For most people in Illinois, work brings on a lot of stress. Studies have shown that this problem has only been trending upward over the years. Workers don't feel like they have control over what goes on in the workplace, but they do feel like there are a ton of demands, and they're stressed out as a result.
Stress hits everyone differently. It can cause people to feel sick and tired. It can bring about a heart attack. It can cause hypertension or make it worse for those who suffer from it. People often can't sleep and never feel rested. So, when stress causes serious issues—like a heart attack—do they count as work-related injuries?
In some cases, they absolutely do. Some police departments even give out compensation to officers who have heart attacks—whether they have them at work or not—because they believe that the stress of being an officer is so intense that it leads to these issues directly.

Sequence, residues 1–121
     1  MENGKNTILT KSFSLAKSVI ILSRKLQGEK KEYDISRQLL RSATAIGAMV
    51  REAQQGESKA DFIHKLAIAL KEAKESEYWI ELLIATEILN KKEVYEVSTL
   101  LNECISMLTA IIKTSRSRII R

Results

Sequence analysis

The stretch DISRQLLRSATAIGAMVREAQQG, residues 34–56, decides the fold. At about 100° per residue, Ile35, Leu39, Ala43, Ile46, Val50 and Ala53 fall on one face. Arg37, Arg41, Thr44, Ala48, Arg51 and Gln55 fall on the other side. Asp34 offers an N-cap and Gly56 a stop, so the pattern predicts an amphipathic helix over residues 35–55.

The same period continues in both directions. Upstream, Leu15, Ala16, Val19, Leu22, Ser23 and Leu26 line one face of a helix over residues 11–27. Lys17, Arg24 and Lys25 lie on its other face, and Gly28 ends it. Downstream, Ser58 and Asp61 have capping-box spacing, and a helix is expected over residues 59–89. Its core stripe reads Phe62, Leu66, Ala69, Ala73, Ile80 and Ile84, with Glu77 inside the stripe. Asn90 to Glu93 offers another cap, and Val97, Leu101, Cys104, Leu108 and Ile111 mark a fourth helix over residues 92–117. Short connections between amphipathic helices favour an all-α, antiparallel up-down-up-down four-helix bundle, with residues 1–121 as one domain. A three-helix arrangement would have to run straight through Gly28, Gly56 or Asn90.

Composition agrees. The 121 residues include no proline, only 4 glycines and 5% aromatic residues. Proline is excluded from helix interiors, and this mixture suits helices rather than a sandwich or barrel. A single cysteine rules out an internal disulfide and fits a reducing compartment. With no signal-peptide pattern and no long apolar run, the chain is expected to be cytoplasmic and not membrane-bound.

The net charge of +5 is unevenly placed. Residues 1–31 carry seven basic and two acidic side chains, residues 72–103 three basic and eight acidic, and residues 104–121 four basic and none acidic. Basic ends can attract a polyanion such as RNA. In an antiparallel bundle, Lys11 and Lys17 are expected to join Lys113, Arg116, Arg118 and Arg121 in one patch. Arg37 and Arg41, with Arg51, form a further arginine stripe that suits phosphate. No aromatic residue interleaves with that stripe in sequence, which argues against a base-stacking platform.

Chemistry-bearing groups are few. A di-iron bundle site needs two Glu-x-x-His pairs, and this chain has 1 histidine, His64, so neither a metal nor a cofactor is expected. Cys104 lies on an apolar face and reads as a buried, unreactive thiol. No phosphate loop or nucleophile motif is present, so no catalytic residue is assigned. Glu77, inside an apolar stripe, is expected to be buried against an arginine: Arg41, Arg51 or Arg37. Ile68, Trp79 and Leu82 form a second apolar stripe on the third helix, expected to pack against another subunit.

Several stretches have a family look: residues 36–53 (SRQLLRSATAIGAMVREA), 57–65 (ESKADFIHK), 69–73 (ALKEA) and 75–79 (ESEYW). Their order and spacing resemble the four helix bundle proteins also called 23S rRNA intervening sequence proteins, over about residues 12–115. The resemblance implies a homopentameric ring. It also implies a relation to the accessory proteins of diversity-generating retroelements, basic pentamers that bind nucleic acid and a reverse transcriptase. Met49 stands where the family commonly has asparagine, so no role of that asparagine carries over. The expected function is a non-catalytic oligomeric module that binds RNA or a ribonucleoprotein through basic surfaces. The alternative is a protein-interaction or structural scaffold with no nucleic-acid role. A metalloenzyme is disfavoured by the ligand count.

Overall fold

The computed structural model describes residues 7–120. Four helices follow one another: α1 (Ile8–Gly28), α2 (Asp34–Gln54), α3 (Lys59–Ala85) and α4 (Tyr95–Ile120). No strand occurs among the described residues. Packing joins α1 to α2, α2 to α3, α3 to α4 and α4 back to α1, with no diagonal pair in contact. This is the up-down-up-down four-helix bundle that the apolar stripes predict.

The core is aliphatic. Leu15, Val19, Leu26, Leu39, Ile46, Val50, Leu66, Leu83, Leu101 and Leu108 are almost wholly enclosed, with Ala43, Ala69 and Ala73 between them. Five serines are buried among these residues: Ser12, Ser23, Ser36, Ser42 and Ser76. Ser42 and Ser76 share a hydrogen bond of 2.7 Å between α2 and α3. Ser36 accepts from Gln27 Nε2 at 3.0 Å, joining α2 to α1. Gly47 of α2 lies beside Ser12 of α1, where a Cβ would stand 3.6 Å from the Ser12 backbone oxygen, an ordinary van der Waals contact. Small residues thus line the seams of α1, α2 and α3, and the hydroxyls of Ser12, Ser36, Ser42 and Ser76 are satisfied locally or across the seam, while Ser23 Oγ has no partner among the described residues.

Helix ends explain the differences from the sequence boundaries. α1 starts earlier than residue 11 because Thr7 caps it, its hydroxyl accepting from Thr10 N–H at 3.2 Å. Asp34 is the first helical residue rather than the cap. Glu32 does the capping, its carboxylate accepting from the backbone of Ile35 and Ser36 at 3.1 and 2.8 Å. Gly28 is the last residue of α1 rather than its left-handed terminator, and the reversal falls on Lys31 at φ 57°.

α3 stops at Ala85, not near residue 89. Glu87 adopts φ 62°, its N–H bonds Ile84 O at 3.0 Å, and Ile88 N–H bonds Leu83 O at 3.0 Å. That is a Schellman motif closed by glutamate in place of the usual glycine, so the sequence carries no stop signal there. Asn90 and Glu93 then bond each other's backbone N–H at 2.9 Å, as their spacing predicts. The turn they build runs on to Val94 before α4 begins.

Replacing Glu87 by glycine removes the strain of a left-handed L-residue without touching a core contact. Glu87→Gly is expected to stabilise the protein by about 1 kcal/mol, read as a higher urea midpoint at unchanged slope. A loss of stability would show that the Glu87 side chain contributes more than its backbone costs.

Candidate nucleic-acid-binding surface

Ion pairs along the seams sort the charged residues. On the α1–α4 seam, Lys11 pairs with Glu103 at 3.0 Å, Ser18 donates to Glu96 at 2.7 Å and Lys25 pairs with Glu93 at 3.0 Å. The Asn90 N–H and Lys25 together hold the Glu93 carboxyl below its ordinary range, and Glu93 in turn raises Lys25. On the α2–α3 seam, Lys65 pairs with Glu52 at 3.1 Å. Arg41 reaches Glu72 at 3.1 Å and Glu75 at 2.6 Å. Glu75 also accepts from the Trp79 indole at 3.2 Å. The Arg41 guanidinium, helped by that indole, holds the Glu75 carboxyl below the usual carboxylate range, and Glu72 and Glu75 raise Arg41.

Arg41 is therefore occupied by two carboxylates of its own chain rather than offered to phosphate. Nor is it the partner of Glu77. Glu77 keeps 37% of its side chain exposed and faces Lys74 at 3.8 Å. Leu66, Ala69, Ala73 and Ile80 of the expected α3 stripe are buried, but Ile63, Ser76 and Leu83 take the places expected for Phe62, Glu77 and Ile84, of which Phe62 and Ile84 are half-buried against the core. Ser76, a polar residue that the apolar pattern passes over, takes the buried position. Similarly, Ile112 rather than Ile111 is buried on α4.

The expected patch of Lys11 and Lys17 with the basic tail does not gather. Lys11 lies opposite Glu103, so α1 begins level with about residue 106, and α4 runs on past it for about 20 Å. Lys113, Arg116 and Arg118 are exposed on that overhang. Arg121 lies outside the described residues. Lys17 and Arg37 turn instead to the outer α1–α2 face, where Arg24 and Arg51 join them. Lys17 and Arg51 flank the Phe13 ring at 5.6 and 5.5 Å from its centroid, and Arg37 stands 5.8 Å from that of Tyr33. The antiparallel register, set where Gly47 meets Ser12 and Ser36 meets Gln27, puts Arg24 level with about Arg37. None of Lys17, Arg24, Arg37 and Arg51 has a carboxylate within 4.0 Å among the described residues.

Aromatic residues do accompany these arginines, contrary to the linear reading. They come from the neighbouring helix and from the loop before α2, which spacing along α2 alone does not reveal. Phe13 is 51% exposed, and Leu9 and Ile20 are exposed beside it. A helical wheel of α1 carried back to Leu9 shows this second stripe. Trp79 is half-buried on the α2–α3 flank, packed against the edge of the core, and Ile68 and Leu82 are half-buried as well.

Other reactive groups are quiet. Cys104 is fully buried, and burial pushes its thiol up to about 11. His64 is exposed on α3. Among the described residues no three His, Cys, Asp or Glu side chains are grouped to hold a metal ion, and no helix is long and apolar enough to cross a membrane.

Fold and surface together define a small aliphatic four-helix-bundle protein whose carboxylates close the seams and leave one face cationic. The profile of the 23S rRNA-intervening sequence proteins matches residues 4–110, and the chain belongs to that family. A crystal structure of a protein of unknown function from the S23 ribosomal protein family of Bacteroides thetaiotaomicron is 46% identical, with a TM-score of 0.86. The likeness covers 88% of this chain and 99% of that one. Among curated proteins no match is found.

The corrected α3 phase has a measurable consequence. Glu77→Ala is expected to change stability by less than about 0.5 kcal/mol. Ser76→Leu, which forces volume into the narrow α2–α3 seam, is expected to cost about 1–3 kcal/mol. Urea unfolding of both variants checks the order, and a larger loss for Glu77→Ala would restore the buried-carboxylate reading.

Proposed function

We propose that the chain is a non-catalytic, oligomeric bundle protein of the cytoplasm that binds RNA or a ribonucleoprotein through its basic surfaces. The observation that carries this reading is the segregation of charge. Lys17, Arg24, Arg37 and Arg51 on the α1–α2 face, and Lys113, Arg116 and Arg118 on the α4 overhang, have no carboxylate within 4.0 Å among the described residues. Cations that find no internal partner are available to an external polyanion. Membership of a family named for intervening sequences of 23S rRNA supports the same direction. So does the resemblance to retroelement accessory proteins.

One thing that is hard to do, though, is to make a blanket statement about when workplace stress causes injuries in certain professions. For example, a teacher in a small-town school with 10 students in every class may not feel nearly the same stress as a teacher in a huge, inner-city school with 500 students in the class. These people have the exact same job title, but their jobs are quite different.
Additionally, different things stress out different people. Some people find repetitive work to be relaxing and easy, while others are stressed by doing the same thing over and over again.
If you think that workplace stress put you in the hospital, make sure you know if you're entitled to any type of compensation.
Source: The American Institute of Stress, "Workplace Stress," accessed Oct. 06, 2015